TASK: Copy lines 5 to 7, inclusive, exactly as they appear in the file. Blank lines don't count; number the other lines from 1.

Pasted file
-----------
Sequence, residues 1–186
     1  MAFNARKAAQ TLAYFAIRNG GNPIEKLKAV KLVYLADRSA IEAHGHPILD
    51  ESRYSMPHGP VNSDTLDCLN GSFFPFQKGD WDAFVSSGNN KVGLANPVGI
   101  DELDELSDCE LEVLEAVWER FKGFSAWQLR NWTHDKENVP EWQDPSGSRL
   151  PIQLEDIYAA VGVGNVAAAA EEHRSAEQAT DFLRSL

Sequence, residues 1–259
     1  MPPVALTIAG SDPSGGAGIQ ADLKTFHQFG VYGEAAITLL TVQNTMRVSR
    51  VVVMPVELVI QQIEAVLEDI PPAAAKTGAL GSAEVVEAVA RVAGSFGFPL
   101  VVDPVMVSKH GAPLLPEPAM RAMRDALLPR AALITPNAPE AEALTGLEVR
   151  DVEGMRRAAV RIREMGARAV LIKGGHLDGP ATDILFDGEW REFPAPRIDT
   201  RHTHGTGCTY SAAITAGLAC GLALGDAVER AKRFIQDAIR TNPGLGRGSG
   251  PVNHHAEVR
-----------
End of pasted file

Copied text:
   151  PIQLEDIYAA VGVGNVAAAA EEHRSAEQAT DFLRSL

Sequence, residues 1–259
     1  MPPVALTIAG SDPSGGAGIQ ADLKTFHQFG VYGEAAITLL TVQNTMRVSR